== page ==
OSU Navigation Bar

The Ohio State University University Libraries Knowledge Bank

Diatom Communites in the Cuyahoga River (USA): Changes in Species Composition Between 1974 and 1992 Following Renovations in Wastewater Management

Please use this identifier to cite or link to this item: http://hdl.handle.net/1811/23657

Show full item record

Files Size Format View
V095N3_254.pdf 614.5Kb PDF View/Open

Title: Diatom Communites in the Cuyahoga River (USA): Changes in Species Composition Between 1974 and 1992 Following Renovations in Wastewater Management
Creators: Brown, Beverly J.; Olive, John H.
Issue Date: 1995-06
Citation: The Ohio Journal of Science. v95, n3 (June, 1995), 254-260
Abstract: Periphytic diatom communities along the Cuyahoga River were analyzed for possible changes in species composition resulting from improvements in wastewater management within the river basin during the past 18 years. The results, compared to a similar study conducted in 1974, and controlled for seasonality and microhabitat effects, show an increase in total diatom species (75 to 105), especially pollutionsensitive species, and a reduction in pollution-tolerant species—all indications of improved water quality. Reductions were evident in the number and proportion of pollution-tolerant species such as Gomphonema parvulum, Melosira varians, Navicula cryptocephala, N. pelliculosa, Nitzschia communis, N.palea, and Synedra ulna. The number and proportion of pollution-sensitive species such as Achnanthes linearis, Amphora pediculus, Cocconeis pediculus, Diatoma vulgare, Navicula tripunctata, and Nitzschia dissipata increased. Despite changes in species composition, headwaters of the river, managed as a domestic water supply and Ohio Scenic River, continue to support 2-3 X more taxa than the lower river below the City of Akron. Substantial degradation of water quality in the lower river persists despite recent restoration efforts. A major source of pollution occurs upstream from the Akron Water Pollution Control facility because sample sites above and below this facility were very similar in diatom species composition, each dominated by Nitzschia amphibia (-40%), a well known saprophilic diatom associated with organically polluted water. Overflows from combined stormwater-sanitary sewers, within the Akron metropolitan area are the most probable cause of the continued suppression of diatom species diversity.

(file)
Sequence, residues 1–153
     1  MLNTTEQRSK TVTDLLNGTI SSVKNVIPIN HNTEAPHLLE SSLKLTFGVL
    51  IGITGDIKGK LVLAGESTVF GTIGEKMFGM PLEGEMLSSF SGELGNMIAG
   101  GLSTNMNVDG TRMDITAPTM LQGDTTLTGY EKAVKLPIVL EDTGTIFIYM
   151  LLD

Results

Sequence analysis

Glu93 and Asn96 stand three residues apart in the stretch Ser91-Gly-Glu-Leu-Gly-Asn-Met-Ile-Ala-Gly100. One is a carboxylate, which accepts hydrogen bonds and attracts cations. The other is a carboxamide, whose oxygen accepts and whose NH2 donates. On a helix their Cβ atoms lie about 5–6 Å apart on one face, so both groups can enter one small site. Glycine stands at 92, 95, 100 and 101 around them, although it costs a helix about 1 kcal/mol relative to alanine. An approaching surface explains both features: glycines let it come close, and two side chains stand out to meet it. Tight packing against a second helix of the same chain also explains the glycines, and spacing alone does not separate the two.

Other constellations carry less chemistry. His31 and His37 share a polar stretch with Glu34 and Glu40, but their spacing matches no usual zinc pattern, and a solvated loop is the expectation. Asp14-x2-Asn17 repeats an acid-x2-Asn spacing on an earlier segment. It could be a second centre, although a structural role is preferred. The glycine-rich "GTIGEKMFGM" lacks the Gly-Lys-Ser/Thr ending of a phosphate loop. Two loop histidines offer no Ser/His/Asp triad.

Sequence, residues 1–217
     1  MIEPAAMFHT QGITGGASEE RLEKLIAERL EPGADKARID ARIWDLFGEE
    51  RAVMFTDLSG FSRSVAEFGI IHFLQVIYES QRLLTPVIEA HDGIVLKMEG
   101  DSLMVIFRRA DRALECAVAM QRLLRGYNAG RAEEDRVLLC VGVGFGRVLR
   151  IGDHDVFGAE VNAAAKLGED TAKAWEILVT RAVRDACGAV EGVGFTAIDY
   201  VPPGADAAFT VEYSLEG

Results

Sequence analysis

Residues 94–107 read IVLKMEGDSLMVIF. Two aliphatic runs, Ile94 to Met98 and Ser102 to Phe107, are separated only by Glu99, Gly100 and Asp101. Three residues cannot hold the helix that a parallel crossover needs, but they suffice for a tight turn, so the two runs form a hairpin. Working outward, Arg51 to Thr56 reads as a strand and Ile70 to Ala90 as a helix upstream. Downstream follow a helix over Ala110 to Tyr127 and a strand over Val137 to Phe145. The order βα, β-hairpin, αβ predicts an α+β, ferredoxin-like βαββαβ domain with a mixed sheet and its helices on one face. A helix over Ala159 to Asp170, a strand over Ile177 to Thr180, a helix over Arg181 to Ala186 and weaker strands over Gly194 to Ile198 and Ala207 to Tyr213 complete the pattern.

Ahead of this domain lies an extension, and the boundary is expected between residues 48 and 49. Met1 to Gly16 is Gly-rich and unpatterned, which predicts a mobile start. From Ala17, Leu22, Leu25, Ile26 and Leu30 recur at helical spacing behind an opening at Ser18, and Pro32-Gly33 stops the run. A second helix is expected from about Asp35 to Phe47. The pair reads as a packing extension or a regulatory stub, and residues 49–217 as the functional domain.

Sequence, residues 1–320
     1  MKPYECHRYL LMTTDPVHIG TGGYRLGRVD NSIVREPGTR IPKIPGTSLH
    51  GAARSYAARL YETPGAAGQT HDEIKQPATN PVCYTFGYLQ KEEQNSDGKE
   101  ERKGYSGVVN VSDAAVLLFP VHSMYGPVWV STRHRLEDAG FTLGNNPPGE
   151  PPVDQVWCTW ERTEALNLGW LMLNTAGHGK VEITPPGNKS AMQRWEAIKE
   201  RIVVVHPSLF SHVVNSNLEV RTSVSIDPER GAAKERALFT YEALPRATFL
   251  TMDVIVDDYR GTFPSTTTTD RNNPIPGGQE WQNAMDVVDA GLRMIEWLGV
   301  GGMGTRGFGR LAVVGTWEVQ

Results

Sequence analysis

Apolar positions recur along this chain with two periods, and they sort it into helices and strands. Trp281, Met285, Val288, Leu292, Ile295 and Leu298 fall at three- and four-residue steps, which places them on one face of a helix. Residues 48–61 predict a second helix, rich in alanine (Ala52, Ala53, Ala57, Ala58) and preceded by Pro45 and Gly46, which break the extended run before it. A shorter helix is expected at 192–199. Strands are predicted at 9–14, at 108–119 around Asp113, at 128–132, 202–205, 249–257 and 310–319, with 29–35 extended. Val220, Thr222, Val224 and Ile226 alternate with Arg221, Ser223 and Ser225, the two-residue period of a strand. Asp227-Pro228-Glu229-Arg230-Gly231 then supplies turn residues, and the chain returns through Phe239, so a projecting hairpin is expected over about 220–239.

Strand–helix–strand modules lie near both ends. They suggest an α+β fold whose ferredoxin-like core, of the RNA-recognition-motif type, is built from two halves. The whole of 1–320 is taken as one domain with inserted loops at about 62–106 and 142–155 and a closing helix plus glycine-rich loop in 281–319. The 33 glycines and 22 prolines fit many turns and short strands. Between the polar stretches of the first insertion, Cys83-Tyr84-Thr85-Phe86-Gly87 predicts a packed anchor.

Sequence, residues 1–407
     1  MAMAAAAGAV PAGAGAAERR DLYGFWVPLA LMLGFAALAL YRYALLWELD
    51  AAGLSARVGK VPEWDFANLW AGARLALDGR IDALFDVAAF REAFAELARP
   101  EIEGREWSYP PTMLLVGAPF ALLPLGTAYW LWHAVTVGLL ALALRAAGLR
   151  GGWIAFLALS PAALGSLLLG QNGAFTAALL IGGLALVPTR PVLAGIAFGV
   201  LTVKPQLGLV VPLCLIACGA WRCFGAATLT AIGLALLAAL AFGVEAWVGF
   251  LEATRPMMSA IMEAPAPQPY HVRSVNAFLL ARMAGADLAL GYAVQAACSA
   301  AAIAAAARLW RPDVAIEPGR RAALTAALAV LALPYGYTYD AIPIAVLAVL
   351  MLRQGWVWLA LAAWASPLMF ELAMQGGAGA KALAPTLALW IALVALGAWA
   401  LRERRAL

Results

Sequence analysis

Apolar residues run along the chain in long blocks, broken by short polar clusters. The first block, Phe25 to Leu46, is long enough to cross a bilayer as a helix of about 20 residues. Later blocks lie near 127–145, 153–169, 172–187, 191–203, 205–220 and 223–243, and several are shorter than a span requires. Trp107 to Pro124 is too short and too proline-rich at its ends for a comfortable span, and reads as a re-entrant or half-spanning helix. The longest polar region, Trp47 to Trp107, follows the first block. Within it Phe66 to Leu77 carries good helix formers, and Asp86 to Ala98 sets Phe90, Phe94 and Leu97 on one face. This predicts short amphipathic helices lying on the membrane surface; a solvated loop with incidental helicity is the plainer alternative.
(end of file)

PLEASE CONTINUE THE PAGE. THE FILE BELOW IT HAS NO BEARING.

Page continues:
URI: http://hdl.handle.net/1811/23657
ISSN: 0030-0950
Bookmark and Share